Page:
In July 2018, the Department for Education opened a consultation into the draft regulations, statutory guidance, and regulatory impact assessment relating to their proposal to teach relationships education at primary school, relationships and sex education at secondary school and health education at all state-funded schools.
The responses to the consultation will help inform any further refining of the draft regulations and statutory guidance before the regulations are put before Parliament and the guidance finally published.
We were delighted to participate in this latest consultation on the guidance on RE /RSE lessons. Whilst it was good to see that there was a nod towards online safety education, in our judgment this guidance misses some critical points:
- Moving from primary to secondary school is not called out at all as a specific time of concern or need for students and parents. Yet our research suggests that this is a time when most children receive their first smartphone, which is the first step to real independence online. Parents are concerned about online bullying and whether their child will be pressured into participating on specific social media platforms. Children on the other hand often set up multiple social media accounts.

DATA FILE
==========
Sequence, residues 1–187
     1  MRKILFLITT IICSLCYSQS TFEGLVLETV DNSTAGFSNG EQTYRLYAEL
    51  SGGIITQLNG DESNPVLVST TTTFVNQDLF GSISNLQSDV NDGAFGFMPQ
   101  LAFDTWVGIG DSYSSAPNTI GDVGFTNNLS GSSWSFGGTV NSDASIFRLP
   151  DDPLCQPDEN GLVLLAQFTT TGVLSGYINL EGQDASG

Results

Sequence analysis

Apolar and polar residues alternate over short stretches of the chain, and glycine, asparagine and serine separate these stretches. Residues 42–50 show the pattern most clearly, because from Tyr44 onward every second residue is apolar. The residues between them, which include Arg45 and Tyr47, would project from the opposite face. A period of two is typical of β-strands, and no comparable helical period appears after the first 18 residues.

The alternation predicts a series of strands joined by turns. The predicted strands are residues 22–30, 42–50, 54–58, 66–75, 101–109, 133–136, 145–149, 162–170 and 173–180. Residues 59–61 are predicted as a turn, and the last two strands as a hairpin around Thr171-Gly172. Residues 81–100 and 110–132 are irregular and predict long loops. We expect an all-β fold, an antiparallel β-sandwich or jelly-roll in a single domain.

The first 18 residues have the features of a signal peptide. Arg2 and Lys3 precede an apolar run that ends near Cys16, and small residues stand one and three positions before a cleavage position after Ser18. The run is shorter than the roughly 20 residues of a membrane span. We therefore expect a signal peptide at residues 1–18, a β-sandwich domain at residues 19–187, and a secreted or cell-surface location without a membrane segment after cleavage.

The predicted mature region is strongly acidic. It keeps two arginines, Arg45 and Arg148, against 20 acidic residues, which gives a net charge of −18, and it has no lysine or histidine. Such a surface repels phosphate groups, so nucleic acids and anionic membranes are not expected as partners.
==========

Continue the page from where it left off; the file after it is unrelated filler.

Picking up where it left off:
Special provision should be made for children in Years 6 & 7 and it is a missed opportunity not to cover this in the guidance.
- Online risk and harm are not spread evenly across the population. We know from research we have supported by Youthworks Consultancy that there is a direct correlation between offline vulnerabilities and online risk and harm. Again, this is completely missing from the guidance and should form a crucial part of it.
Significantly more work needs to be done in this area to ensure that our most vulnerable children and those who have substantial but time-limited concerns are well supported.
Visit the Department for Education website to find out more about the draft regulations, impact assessment and the guidance on RSE and health education.Visit site